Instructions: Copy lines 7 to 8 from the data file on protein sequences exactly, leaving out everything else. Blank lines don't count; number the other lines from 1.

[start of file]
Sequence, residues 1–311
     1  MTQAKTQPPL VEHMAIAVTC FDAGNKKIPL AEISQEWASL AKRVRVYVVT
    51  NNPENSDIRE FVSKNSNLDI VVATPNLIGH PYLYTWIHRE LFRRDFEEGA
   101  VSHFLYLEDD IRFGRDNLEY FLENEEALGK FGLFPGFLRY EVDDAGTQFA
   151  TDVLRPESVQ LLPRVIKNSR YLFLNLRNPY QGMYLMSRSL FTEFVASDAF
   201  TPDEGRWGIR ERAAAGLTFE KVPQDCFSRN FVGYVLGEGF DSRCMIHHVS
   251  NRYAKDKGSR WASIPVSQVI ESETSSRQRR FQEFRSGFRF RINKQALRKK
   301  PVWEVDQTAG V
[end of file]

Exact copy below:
   251  NRYAKDKGSR WASIPVSQVI ESETSSRQRR FQEFRSGFRF RINKQALRKK
   301  PVWEVDQTAG V